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Transforming the understanding
and treatment of mental illnesses.

Division of Services and Intervention Research (DSIR)

Overview

The Division of Services and Intervention Research (DSIR) supports programs of research and research training that aim to accelerate translation of research findings from basic and clinical studies to real-world practice settings and communities, where findings can be applied to improve public health.
The Division seeks to generate new knowledge, methods, and technologies that can be readily applied to achieve near- and long-term improvement in mental health outcomes across diverse disorders, age groups, backgrounds, and settings.

DSIR-supported research aligns with Objectives 3.2 and 3.3 and 4.1–4.3 of the NIMH Strategic Plan for Research, and addresses questions related to the efficacy and effectiveness of existing interventions and innovations for improving clinical practice and health care delivery in traditional and community settings.

The Division encourages research to reduce mental health disparities and promote equity in access, quality, and effectiveness of mental health care available in the United States.

DSIR supports a range of extramural research, research training, career development, and scientific resource and technology transfer programs through its various branches and offices, including:

  • Treatment and preventive interventions research, supported through the Treatment and Preventive Intervention Research Branch, to develop and test strategies for tailoring and optimizing existing evidence-based interventions; and confirmatory efficacy and effectiveness research that generates information for persons seeking care, family members, practitioners, community settings, and policy makers about preventive and treatment interventions that produce the greatest benefit in real-world environments.
  • Mental health services research, supported through the Services Research and Clinical Epidemiology Branch, to develop and test service delivery strategies for improving the quality, effectiveness, continuity, and value of mental health services; increasing access to high quality mental health care for children, adolescents, youth, and adults from diverse communities; and implementing and sustaining evidence-based practices in traditional and non-traditional health care and community settings.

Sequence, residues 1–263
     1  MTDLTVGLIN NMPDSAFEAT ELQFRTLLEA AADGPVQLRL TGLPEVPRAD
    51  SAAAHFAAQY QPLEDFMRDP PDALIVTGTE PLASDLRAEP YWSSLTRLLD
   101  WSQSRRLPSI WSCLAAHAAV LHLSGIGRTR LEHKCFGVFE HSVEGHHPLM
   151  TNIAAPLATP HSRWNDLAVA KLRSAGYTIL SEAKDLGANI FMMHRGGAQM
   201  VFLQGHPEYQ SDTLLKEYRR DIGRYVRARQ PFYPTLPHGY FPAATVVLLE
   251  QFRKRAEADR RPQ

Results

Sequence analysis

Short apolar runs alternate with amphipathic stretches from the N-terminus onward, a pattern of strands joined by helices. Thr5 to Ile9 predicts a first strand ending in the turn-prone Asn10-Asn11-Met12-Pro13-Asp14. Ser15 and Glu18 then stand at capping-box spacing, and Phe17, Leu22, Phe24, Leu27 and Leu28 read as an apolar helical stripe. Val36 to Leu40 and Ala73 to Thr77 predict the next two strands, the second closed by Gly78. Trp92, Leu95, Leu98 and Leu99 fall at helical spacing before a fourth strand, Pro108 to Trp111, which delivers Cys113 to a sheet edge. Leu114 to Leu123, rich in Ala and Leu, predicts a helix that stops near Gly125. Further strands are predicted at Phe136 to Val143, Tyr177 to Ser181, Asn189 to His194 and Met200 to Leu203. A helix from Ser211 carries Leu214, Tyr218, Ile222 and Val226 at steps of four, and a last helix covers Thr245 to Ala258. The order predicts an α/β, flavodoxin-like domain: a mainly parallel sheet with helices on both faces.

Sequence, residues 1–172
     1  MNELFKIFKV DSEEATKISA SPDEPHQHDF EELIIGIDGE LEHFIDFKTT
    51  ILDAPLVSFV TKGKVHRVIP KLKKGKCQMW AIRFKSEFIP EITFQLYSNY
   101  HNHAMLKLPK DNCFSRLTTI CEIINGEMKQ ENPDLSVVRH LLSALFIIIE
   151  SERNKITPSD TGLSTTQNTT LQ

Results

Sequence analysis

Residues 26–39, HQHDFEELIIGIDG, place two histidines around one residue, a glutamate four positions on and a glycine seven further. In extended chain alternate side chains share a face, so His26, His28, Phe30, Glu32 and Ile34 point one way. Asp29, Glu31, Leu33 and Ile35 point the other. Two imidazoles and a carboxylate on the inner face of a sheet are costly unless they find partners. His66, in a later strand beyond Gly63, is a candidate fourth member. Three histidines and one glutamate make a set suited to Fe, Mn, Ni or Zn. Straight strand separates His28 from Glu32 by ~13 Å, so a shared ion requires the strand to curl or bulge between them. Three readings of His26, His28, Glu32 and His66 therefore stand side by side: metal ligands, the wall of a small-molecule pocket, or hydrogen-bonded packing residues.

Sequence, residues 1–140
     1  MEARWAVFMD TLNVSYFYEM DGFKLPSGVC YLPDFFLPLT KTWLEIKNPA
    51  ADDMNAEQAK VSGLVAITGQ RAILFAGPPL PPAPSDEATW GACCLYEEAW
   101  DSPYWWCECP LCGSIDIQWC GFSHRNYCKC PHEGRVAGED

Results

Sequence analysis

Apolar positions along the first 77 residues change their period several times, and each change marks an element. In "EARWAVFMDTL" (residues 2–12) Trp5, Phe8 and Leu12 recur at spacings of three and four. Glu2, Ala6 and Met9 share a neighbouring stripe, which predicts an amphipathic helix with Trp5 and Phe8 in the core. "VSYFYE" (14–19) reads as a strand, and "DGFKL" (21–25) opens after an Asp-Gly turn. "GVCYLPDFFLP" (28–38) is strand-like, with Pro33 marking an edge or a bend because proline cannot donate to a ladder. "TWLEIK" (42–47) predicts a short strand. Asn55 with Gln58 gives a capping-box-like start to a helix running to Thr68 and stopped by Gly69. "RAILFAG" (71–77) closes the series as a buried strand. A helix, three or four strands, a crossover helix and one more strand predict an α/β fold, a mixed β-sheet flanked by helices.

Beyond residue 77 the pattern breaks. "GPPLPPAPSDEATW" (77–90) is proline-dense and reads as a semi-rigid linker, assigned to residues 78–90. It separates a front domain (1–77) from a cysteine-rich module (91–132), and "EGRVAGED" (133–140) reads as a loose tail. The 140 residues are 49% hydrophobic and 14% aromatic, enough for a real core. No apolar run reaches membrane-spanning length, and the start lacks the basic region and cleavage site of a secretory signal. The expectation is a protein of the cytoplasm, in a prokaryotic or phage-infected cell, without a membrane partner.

• Research training, education, and career development grant mechanisms, supported through the Office of Research Training and Career Development, to cultivate a mental health research workforce that is diverse, skilled in innovative treatment, prevention, and services research designs and methods, and equipped to meet emerging scientific and public health challenges in mental health care and outcomes.
  • Application of innovative technologies, supported through the Small Business Innovation Research (SBIR) and Small Business Technology Transfer (STTR) Programs, to improve screening, diagnosis, clinical assessment, data collection, and quality monitoring tools for clinical trials and services research studies; advance the treatment of mental disorders; and new approaches to training, supervision, and continuing education for researchers and evidence-based practitioners.

Areas of High Priority

Areas of High Priority for the Division are described below. In addition, DSIR continues to encourage innovative investigator-initiated applications in any area relevant to the mission of the Institute.

  • Reduce disparities and advance equity in mental health interventions, services, and outcomes for racial and ethnic minority groups, individuals limited by language or cultural barriers, sexual and gender minorities, individuals living in rural areas, socioeconomically disadvantaged persons, and other underserved groups.
  • Reduce the significant morbidity and mortality associated with self-harm and suicide thoughts and behaviors through research on early detection, assessment, crisis services, and both brief and longer-term interventions for at-risk individuals from diverse populations and treatment settings.
  • Develop, test, and implement interventions and services strategies to improve independent living skills, social functioning, post-secondary education, initial employment, and quality of life for people with autism spectrum disorder across the lifespan.
  • Support transdisciplinary teams of clinical and mental health services researchers, behavioral and social scientists, health economists, health information and communications technologists, health systems engineers, decision scientists, and mental health stakeholders to engage in high-impact studies that will significantly advance clinical practice in the United States.
  • Advance learning health care principles of measurement-based treatment, continuous improvement and innovation in care delivery, and rigorous practice-based research in community behavioral health clinics and other treatment settings.
  • Develop and test integrated treatment, prevention, and service delivery approaches for complex disorders, e.g., comorbidities among mental disorders, substance abuse, and physical health conditions, that can be implemented seamlessly in primary care and other health systems.
  • Test the efficacy and effectiveness of developmentally focused preventive interventions delivered in various contexts and settings, and the implementation of effective interventions at scale in communities in a sustainable manner.
  • Develop, refine, and apply innovative design, measurement, data acquisition and processing, and statistical approaches to advance clinical trials, services research, and implementation science methodologies.

Acting Director

Joel Sherrill, Ph.D.
6001 Executive Boulevard, Room 7147, MSC 9629
301-443-2477, jsherril@mail.nih.gov